-1 ( +0 / -1 )

globalwatcher,

This is also known as a "Stewardship" in British Environment ideology as well.

Thanks for this. I had no knowledge of this term.

It's worth studying.

1 ( +2 / -1 )

"I wonder who is paying for the studies and constructions of Rokkasho nuclear waste disposal."

The Japanese taxpayers are. And the government is also borrowing the money so people can live in comfort and leave the bill to future generations. Where are you today, proponents of nuclear power? What's the answer to this issue, mates? What are you going to do with the spent fuel?

2 ( +3 / -1 )

Star-viking,

In an Asia where everyone got along and no one coveted other countries' territory perhaps this might have a role to play. However, Japan has bad relations with most of her surrounding countries - so importing electricity from Mongolia might be challenging.

This could be a good reason to patch up any relationship problems.

Don't you think?

I mean, we are all living on the same planet.

2 ( +3 / -1 )

It is interesting I have not seen any comments from Japanese bloggers. I know some of them are for pro-nuke. The truth of matter is all gaijins can leave Japan but most Japanese have no place to go. They are the ones who are stuck with this.

I feel very bad.

0 ( +2 / -2 )

@Zichi Geo thermal power. I mean sure why not. It worked for a James Bond villain, that means it must be able to power a country of 125 million industrialized citizens. Do you think they can build this new system in 1 year, maybe even in 6 months. It only takes 5 years to put up a new mall, but surely we can covert the entire power grid of Japan to geo thermal in a matter of weeks.

-4 ( +4 / -8 )

Just use it to build a nuke, just in case something happens.

-6 ( +0 / -6 )

@RobertDykes

Do you think they can build this new system in 1 year, maybe even in 6 months.

No I certainly don't it will take at least 10 years or more. Most likely even with the new PM Abe, there'll be no reactor restarts before 2015, and when and if he decides to do that there won't be the 54 available prior to 3/11 out of which 34 were operating. There'll probably be less than 30 reactors generating about 20% of total power, which still leaves the other 80% being generated by fossil fuels, mostly.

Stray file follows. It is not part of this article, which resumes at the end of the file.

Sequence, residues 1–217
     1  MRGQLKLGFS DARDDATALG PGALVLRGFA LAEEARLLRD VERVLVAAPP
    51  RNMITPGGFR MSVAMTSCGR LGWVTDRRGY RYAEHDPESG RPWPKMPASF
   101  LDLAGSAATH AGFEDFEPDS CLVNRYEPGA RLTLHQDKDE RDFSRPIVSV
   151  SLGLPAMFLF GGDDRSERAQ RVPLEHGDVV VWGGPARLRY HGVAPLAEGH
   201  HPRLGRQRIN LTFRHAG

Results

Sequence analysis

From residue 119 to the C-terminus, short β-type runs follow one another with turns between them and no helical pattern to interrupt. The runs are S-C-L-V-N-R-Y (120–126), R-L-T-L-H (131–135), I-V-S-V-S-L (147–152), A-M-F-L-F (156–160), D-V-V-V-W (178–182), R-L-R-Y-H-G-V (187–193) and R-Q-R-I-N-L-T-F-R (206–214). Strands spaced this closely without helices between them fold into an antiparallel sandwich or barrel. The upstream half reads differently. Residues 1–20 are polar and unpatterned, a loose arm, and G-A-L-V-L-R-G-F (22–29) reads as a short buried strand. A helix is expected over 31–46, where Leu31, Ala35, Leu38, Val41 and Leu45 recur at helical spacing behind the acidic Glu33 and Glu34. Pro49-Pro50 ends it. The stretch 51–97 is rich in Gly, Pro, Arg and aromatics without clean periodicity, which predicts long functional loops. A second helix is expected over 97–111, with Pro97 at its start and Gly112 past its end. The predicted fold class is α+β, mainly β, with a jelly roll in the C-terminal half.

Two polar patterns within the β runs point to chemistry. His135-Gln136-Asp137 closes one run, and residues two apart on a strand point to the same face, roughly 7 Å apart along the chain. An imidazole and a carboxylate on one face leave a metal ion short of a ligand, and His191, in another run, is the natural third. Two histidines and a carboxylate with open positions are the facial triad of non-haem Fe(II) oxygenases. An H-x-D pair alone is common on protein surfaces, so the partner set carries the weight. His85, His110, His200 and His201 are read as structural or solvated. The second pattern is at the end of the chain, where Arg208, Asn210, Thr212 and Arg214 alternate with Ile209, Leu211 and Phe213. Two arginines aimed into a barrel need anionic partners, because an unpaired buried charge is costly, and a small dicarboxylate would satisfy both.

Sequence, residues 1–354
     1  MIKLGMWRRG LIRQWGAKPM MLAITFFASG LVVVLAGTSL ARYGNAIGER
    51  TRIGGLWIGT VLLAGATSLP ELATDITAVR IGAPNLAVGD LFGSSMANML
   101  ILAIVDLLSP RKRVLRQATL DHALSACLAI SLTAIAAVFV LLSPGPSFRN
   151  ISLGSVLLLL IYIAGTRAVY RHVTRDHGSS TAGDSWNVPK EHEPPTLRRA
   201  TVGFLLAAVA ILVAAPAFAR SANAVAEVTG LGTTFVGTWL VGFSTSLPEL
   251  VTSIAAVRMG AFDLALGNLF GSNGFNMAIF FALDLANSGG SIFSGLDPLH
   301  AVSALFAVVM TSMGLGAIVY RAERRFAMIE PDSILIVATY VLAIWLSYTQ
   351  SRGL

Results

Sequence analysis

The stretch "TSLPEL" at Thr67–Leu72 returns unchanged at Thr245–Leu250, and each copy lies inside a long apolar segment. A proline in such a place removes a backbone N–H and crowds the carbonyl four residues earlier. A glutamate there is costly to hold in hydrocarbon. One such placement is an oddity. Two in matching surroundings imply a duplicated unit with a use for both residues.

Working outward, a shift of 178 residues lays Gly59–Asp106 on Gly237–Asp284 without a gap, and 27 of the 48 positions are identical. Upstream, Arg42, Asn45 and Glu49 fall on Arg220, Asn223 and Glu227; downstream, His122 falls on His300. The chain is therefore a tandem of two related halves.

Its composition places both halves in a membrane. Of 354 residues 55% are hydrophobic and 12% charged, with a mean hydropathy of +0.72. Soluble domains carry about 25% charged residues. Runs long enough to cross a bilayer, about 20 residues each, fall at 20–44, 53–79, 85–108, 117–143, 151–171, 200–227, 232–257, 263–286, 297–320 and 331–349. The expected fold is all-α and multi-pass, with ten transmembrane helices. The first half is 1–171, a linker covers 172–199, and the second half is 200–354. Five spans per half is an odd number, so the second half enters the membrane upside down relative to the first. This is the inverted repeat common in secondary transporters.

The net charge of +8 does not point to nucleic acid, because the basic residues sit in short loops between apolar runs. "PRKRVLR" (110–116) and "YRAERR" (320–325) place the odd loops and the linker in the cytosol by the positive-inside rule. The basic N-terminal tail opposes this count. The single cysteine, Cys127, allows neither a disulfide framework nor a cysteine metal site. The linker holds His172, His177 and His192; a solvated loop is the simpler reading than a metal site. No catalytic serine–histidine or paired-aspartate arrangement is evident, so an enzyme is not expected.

So if geothermal is a viable option then the country needs to start to build more plants to fully use this resource. More biomass, biogas and biofuel is also needed. Anything which can reduce the amount of fossil fuels needed.

So even if you are pro nuclear energy that stops at 20% of total power and other fuels are needed so best to use to the maximum the sources which are available and renewable. Solar, wind, biomes, biogas, biofuel, geothermal.

The country needs to also come up with more efficient ways of using the power that is available like by ending the power companies monopolies over both power generation and power supply and also ending the monopoly that only one power company supplies a fixed area. A more Smart Grid system would also help to move power to were its needed.

For the next two years and probably three, nearly all power will be generated by coal, gas and oil. Next year, many of the power companies are planning to build new coal fired plants because call is the cheapest fuel. Although modern coal plants are successful at removing most of the greenhouse gases and pollution it would be a road better not to go down.

Solar energy can also be linked to modern gas turbines.

Large companies need to start generating 20% of their power needs.